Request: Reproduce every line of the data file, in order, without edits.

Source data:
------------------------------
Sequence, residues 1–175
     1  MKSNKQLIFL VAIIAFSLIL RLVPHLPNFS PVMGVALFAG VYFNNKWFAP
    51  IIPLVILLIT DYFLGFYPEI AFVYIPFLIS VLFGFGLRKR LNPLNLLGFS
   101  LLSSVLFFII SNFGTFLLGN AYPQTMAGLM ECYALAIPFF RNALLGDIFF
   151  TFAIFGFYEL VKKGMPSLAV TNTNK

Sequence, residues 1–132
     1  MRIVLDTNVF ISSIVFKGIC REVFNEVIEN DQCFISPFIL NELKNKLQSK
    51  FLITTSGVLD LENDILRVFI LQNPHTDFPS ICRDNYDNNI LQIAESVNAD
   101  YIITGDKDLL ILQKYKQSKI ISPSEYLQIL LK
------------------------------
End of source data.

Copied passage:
Sequence, residues 1–175
     1  MKSNKQLIFL VAIIAFSLIL RLVPHLPNFS PVMGVALFAG VYFNNKWFAP
    51  IIPLVILLIT DYFLGFYPEI AFVYIPFLIS VLFGFGLRKR LNPLNLLGFS
   101  LLSSVLFFII SNFGTFLLGN AYPQTMAGLM ECYALAIPFF RNALLGDIFF
   151  TFAIFGFYEL VKKGMPSLAV TNTNK

Sequence, residues 1–132
     1  MRIVLDTNVF ISSIVFKGIC REVFNEVIEN DQCFISPFIL NELKNKLQSK
    51  FLITTSGVLD LENDILRVFI LQNPHTDFPS ICRDNYDNNI LQIAESVNAD
   101  YIITGDKDLL ILQKYKQSKI ISPSEYLQIL LK